Looking for a clump of dinosaur poop or a necklace made of your own dog’s hair? Or perhaps a ritual dagger with a handle of crumpled silver inlaid with crystals made by a man who identifies as a shaman? The Perfect Nothing Catalog, a shop in a wooden shack behind a gallery in Bushwick, is a perfectly great place to find these and other odd handmade artists’ wares. Or to just hang out with its proprietor, Frank Traynor, who’s 28, gentle and curly-haired, and prone to saying things like “I’m very interested in rocks, things that look like rocks, things that look like they belong next to a rock.”
There are no price tags, but the real obstacle might be just finding the place; you have to walk through a loading bay, then through Signal gallery, and it’s open only on weekends. Traynor supplements his income doing “giggy” stuff like making costumes for Broadway shows.
Traynor says he was working as a sailor on one of the tall ships at South Street Seaport in 2011 when friends of his found the shack outside Hudson, New York, while shooting a film. Traynor persuaded them to give him the shack so he could bring it to Brooklyn and set it up on the riverbank at the end of India Street in Greenpoint and sell thrift-store finds out of it. One day, he was talking about his plan at the bar Troost when two women overheard him and offered to let him plant the shack in the backyard of their nearby work studio instead.
It was a bucolic postindustrial spot, in a garden. Vines soon grew up over the shack’s exterior. “You could hardly even see out the window,” he says. “They were all coming in and across the inside with flowers.” He added skylights and a discarded greenhouse as a second room. Customers would wander in, often by happenstance. “I’d say half the people just weren’t interested or were confused or just didn’t know why or how this could happen, and the response was just to get away from it. And the other half of people were into it.”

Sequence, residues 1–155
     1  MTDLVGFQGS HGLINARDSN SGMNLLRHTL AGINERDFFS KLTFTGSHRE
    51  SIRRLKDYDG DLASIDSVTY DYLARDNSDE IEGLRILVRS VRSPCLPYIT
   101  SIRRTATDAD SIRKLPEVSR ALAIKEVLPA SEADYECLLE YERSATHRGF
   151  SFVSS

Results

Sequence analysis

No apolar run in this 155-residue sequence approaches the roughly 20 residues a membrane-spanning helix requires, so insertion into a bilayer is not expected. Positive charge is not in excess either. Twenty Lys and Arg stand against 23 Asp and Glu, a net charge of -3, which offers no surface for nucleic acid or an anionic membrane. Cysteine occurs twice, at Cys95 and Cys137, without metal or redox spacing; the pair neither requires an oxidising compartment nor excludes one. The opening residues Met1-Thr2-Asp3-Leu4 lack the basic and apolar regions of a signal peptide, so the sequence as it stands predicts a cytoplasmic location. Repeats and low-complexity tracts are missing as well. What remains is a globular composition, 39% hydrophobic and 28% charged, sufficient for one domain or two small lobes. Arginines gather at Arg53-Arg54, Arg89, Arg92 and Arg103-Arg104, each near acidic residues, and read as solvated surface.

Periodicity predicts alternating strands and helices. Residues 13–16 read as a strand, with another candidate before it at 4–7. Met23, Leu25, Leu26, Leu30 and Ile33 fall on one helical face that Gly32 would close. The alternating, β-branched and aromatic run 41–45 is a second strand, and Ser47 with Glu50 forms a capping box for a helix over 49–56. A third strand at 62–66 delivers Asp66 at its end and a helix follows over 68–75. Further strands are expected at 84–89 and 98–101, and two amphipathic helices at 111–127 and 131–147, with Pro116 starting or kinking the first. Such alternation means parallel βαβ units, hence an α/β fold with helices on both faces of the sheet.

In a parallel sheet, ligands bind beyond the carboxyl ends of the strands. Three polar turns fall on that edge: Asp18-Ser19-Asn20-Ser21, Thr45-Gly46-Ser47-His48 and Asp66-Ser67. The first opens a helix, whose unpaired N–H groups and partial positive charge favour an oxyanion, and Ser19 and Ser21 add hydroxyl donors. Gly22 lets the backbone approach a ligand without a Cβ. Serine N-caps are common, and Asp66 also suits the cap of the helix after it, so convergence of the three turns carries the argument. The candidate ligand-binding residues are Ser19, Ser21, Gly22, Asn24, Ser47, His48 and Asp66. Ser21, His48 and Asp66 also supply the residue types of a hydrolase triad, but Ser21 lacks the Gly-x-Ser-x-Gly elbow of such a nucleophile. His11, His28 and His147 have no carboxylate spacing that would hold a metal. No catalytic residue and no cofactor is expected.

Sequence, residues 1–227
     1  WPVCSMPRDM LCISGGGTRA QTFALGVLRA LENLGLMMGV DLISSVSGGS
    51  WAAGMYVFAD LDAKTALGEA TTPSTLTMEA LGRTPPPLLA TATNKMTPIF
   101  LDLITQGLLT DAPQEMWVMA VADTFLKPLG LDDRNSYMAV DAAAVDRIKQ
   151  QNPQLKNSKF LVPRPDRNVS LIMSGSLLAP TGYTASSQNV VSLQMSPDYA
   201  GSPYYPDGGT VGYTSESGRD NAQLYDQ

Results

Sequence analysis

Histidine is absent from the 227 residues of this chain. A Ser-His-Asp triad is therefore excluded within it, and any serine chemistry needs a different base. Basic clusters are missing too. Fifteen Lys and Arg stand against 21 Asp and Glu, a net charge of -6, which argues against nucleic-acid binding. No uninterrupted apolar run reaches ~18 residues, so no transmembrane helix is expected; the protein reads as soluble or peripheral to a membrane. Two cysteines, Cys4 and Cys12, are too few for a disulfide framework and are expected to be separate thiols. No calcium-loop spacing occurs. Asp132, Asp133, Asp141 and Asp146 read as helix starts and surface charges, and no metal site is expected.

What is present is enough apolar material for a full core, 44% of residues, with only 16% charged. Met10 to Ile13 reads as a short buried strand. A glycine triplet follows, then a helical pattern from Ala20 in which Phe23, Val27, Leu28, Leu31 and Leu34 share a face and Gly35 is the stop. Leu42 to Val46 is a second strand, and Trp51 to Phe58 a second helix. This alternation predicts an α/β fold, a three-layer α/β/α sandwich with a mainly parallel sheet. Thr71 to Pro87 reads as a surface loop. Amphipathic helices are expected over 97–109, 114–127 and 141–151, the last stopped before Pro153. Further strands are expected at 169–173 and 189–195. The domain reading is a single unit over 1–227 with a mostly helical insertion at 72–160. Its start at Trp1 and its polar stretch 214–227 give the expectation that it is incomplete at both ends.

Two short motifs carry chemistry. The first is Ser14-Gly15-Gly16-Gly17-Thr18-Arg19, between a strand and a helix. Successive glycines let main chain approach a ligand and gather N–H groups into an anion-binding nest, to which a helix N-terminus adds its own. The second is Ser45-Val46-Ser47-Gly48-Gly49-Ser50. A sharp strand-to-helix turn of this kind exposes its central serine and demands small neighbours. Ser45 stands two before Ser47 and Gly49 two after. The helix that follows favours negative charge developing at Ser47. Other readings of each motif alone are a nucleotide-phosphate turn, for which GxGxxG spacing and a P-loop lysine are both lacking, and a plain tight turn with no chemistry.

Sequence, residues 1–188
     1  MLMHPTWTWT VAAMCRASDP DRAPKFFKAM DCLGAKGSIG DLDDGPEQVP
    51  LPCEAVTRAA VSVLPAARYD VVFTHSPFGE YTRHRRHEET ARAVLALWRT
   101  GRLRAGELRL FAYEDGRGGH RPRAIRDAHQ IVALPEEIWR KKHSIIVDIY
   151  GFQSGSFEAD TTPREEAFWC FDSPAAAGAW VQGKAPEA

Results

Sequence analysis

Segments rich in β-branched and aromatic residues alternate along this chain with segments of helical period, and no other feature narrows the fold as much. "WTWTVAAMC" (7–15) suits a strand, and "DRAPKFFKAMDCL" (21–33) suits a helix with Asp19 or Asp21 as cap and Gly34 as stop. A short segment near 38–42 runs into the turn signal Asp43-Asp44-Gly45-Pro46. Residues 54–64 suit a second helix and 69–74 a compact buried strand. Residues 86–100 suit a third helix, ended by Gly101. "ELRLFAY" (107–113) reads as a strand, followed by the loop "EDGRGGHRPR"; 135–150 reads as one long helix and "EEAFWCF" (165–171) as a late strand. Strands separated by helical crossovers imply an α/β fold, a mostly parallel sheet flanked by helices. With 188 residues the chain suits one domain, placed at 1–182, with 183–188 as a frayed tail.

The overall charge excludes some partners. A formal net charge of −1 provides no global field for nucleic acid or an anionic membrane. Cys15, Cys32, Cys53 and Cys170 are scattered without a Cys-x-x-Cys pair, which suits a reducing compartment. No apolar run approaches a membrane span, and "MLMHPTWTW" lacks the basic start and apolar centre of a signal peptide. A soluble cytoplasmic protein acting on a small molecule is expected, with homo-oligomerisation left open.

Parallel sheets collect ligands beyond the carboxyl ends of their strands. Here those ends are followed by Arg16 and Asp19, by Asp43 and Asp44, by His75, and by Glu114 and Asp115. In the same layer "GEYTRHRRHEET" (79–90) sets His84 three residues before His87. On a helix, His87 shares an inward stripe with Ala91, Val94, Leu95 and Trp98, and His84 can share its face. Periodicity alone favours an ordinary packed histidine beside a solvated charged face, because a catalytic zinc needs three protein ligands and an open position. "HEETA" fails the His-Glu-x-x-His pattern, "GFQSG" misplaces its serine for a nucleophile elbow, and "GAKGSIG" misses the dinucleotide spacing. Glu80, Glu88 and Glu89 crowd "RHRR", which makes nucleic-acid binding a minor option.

At first, Traynor camped out there, “but it ended up not being as chill as I imagined it was going to be,” he says. “I mean, some of the most beautiful mornings that I’ve ever had were waking up and the sun was coming through the holes in the roof. And then after … that’s enough, ready to have a bathroom and a kitchen.”
Then, three months ago, that paradise was abruptly lost when the landlord gave Traynor one day’s notice before paving over the yard for a construction staging area. Panicked, Traynor put out a call for help. Signal’s owners offered up their yard, and his friends—“creative builder guys”—broke the shack into two parts, loaded it onto a truck, and reassembled it in its new home.
It took about a month to build a new, level floor and get the shop open again. Traynor says he’ll stay open till it gets too cold. When I visit, we keep warm next to a roaring fire pit. His friend who runs a D.J. school for babies has fetched him a takeout burrito, and one of the gallery’s owners is outside chopping shipping pallets into tinder. The Platters’ “Only You” plays longingly in the background. On a cot in the shack are half a dozen persimmons. Are they free? For sale? Just decoration? Traynor shrugs. “I just think there’s something interesting about people wanting stuff, thinking that they need stuff, things being offered to people for sale. There’s so much stuff being sold to people for no reason other than just to sell. I’m not trying to convince anybody that they need anything there.” So those persimmons are exactly what they appear to be: pieces of fruit sitting on a cot in a shack in a backyard in Bushwick. “If someone wanted to buy them, or have them,” Traynor says, “that would be cool.”